When I have a file x.js that looks like this:


module.exports = function (n) { return n * 111 }

and I run browserify from the command line like so:

browserify -r ./x.js > bundle.js

I get an output file that looks like this (roughly):

require=(function e(t,n,r){function ......

Then in my browser code I can do this:

    <title>React server rendering example</title>
    <script src="static/bundle.js"></script>
    Welcome to the React server rendering example. Here is a server-rendered React component:
    <div id="53a442ff8b39d"></div><script>
    var x = require('./x.js');
</script>  </body>

I actually have two questions:

1) This doesn't quite work in the browser I get the error: "Uncaught Error: Cannot find module './x.js'". Why is that happening?

2) I actually want to run this in gulp using vinyl-source-stream. I've tried doing something like this in my gulpfile but it doesn't work. Any ideas? I get the error 'require is not defined'

var   gulp = require('gulp'),
  browserify = require('browserify'),
  source = require('vinyl-source-stream');

var b = browserify({
    entries: ['./x.js'],
   b.bundle({debug: false})
  • In your command-line example you are writing bundle.js into the same folder as x.js, but your HTML is reading it from static/bundle.js, and in your gulp example you are writing it to build/bundle.js. Which one is actually the one you want? Commented Jun 20, 2014 at 15:13
  • Let's just assume I do the appropriate mv bundle.js command to put it in the right place for the webserver to access. That's not the crux of the problem here.
    – asolberg
    Commented Jun 20, 2014 at 16:18
  • Hopefully this github project will help. It shows how to require and export libraries, the html, the gulp file, etc.
    – ehsk
    Commented Oct 7, 2014 at 6:25

2 Answers 2


Update: You can reference an alias in your -r switch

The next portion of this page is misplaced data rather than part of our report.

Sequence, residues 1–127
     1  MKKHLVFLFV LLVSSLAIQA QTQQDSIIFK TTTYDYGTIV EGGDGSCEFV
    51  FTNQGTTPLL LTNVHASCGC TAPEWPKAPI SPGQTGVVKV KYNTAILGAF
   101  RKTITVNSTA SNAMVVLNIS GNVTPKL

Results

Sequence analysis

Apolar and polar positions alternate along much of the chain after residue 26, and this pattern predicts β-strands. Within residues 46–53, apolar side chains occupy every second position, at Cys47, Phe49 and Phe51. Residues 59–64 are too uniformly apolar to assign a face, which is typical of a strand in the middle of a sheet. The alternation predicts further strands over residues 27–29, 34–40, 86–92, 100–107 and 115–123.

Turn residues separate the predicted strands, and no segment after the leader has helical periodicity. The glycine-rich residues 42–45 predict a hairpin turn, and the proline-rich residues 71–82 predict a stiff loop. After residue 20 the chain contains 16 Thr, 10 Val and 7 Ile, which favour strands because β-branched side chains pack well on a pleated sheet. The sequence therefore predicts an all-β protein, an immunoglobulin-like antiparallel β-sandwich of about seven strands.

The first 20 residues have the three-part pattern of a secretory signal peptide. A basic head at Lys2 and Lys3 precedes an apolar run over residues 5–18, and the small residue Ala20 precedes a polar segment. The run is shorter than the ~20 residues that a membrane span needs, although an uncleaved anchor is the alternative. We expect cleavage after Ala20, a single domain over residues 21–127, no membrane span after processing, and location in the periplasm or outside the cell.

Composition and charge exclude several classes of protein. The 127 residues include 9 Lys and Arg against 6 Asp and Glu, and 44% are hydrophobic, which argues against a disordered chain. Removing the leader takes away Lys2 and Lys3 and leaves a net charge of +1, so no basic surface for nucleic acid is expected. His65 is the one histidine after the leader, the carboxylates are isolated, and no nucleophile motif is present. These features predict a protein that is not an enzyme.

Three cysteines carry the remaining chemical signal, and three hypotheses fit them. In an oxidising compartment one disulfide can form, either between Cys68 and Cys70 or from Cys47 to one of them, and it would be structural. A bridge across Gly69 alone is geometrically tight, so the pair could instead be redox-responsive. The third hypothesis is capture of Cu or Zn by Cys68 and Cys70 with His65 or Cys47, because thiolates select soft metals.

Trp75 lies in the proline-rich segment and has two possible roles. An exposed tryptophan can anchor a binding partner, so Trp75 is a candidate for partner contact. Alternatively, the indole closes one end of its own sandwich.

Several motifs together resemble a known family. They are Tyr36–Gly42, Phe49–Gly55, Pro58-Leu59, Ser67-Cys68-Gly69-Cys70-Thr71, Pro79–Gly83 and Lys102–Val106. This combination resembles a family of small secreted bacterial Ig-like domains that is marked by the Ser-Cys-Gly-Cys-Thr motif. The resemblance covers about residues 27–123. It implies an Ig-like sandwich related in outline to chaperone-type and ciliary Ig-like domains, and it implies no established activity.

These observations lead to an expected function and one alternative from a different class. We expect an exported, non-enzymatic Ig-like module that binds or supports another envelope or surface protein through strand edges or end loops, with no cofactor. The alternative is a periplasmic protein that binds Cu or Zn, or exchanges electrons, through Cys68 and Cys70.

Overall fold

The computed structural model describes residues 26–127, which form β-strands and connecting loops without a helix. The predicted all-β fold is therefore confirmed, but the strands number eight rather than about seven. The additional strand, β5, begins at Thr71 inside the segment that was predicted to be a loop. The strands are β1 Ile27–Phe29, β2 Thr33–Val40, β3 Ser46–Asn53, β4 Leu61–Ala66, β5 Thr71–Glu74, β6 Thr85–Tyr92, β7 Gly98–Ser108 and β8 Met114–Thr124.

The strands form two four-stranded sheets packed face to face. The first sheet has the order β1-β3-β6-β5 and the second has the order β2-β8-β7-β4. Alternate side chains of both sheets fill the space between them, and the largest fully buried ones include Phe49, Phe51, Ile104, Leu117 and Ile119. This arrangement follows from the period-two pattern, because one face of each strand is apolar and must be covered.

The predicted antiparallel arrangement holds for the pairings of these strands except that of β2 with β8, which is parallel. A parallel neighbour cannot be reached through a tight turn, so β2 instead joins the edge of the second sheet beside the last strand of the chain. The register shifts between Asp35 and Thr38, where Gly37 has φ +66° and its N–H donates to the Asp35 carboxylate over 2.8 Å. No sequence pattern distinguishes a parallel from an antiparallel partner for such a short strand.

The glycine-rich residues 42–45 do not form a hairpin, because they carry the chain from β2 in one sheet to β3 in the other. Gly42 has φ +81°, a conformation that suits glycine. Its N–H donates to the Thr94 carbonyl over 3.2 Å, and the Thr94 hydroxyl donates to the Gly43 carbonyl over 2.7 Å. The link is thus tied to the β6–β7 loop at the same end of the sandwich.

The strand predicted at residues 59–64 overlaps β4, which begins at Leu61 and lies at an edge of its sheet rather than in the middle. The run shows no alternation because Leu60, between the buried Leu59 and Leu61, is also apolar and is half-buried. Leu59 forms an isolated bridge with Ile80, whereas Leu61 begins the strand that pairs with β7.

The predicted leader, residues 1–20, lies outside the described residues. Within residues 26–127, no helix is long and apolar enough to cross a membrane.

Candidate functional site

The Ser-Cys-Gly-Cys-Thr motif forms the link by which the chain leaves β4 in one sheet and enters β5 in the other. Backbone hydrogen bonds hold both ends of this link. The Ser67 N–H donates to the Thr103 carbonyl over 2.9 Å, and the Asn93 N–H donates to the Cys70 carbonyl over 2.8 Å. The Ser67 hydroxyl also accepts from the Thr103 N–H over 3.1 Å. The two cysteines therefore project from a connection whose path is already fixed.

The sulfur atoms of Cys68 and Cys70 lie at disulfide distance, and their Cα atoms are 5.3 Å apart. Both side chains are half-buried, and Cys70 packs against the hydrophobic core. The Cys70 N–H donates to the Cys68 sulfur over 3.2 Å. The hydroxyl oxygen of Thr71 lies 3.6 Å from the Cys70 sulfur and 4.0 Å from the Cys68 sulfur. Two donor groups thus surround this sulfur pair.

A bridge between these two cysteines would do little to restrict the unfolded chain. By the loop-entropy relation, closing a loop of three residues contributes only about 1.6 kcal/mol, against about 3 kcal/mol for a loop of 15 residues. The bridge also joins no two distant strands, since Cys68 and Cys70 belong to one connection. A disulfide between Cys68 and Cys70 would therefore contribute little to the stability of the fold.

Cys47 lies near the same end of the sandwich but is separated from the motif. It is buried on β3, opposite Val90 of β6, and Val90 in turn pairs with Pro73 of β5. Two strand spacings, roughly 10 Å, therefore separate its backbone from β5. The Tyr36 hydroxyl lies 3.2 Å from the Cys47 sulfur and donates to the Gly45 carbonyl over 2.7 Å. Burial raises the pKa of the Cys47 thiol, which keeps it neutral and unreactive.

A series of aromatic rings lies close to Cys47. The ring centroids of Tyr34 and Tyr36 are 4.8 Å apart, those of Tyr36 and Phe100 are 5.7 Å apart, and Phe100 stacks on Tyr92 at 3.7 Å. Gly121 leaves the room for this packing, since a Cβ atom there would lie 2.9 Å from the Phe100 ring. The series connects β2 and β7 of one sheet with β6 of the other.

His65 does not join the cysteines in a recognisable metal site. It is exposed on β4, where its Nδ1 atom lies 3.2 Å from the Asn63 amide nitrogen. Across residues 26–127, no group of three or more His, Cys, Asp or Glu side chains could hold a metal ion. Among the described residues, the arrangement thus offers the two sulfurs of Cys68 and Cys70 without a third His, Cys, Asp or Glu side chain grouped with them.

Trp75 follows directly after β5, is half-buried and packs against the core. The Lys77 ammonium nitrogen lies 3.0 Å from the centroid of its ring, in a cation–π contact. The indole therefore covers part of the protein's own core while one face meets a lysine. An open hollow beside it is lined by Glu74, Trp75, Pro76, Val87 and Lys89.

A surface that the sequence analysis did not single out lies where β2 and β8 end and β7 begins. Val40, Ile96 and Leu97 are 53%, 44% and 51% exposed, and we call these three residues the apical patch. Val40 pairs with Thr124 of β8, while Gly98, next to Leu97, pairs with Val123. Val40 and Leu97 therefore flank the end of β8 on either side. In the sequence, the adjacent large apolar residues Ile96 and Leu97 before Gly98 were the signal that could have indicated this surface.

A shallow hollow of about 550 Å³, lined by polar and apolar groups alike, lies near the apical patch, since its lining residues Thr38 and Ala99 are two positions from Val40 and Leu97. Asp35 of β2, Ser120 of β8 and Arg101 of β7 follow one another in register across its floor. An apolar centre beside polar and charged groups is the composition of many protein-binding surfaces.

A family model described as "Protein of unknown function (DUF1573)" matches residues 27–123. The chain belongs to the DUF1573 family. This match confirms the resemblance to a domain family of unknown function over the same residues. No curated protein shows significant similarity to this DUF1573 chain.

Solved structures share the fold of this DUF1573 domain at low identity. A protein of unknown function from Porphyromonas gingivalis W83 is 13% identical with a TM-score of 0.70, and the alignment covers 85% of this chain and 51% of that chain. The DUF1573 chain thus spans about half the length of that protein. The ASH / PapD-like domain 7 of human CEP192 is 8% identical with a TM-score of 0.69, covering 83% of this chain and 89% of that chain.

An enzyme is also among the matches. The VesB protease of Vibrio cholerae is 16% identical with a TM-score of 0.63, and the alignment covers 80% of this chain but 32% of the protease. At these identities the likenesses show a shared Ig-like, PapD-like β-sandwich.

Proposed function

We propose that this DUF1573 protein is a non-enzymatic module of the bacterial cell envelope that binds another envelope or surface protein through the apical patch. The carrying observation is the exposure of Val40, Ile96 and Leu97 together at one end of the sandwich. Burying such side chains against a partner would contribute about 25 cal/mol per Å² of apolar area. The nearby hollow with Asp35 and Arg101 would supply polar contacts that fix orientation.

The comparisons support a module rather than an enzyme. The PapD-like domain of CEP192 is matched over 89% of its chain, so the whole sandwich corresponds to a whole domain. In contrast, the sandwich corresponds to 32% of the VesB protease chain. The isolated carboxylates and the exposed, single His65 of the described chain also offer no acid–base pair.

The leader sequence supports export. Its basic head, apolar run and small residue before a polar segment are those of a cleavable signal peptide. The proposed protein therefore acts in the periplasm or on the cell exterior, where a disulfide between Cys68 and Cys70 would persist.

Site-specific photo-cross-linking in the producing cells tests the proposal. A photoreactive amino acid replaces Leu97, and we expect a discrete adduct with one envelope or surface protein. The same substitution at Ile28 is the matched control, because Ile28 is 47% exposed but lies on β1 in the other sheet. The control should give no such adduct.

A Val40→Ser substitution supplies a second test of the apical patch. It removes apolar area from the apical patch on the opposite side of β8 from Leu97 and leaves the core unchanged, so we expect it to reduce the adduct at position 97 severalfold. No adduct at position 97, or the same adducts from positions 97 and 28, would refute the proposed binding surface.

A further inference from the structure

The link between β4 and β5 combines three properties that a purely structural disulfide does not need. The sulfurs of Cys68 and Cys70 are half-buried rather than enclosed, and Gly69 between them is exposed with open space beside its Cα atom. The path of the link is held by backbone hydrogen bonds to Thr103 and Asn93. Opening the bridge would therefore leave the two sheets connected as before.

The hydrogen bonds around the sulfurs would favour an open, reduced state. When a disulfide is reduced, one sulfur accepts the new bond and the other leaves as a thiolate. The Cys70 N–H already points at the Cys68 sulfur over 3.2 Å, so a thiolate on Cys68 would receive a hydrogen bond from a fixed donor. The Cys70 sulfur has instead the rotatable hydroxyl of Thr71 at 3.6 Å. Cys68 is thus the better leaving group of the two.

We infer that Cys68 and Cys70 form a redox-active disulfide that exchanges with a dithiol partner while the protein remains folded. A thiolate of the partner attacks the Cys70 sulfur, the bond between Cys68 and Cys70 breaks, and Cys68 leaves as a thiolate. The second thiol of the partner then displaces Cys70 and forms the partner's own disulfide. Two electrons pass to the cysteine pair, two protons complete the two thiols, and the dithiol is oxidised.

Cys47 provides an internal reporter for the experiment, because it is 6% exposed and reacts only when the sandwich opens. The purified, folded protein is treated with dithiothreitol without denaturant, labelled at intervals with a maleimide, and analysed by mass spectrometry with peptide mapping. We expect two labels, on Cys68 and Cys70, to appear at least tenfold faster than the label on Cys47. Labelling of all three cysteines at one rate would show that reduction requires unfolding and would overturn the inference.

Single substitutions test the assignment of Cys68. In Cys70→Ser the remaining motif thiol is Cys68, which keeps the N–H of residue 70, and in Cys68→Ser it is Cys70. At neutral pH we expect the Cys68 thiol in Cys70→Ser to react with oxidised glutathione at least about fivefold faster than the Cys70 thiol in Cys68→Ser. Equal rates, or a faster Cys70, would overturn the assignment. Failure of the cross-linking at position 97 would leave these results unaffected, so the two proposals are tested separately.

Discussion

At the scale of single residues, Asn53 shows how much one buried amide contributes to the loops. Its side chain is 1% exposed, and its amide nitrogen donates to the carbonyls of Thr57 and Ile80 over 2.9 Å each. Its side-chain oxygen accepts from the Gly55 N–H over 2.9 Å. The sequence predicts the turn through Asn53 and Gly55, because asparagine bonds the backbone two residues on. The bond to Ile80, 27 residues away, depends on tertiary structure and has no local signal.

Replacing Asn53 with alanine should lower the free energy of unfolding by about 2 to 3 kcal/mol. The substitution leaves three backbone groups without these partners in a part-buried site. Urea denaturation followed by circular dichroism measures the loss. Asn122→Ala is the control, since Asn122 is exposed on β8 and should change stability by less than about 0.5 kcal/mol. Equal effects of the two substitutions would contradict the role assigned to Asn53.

Try: browserify -r ./x.js:my-module > bundle.js

And in your page: var x = require('my-module');

NOTE: if you used an -r switch on a node module like fs or through, you don't need an alias for these because they usually have a name in their package.json file.

See node-browserify -- external requires for more info.

If you are going to bundle your x.js like that (with -r switch) there are a couple of options

1) Take the script in your html page and bundle it separately.

      Create a main.js file and put your JS in it.

      Use browserify -x ./x.js > main.js

      By using the -x switch, Browserify will link your bundle.js in as a dependancy.

      Then reference both JS files in your page.

2) Use name generated by Browserify.

      var x = require('0+DPR/');

      See Update above to create an alias.

Good resource below since you are looking to go further with Gulp

For more Gulp + Browserify (uses Watchify as well for livereload) Check out blog post on Viget


Actually you got pretty close, except for two things:

  1. you need to expose your 'x.js' with an exposed name that you can use to require() later, for e.g.: 'x' is a good choice in your case

  2. instead of require('./x.js'); you should do require('x');

So to give you the full answer:

in lib/x.js

module.exports = function (n) { return n * 111 }

in gulpfile.js

var gulp = require('gulp');
var browserify = require('browserify');
var transform = require('vinyl-transform');

gulp.task('build-lib', function () {

  var browserified = transform(function(filename) {
    return browserify(filename)
      .require(filename, { expose: 'x'})
  return gulp.src('./lib/x.js')
    .pipe(gulp.dest('./dist')); // currently this recipe will output to ./dist/x.js. you may use a rename plugin to output it with a different filename for eg. bundle.js

gulp.task('default', ['build-lib']);

in an HTML doc (index.html)

<script src='dist/x.js'></script>
   var x = require('x');

A little bit details about the gulp recipe:

I used vinyl-transform instead vinyl-source-stream.

You can choose to use vinyl-source-stream but you have to remember to pipe in vinyl-buffer right after that if you have more transformations using plugins that works on buffered vinyl file objects (instead of streaming vinyl file object that vinyl-source-stream gives out)

What vinyl-transform does is that it takes care of both buffered and streaming vinyl file objects for you.

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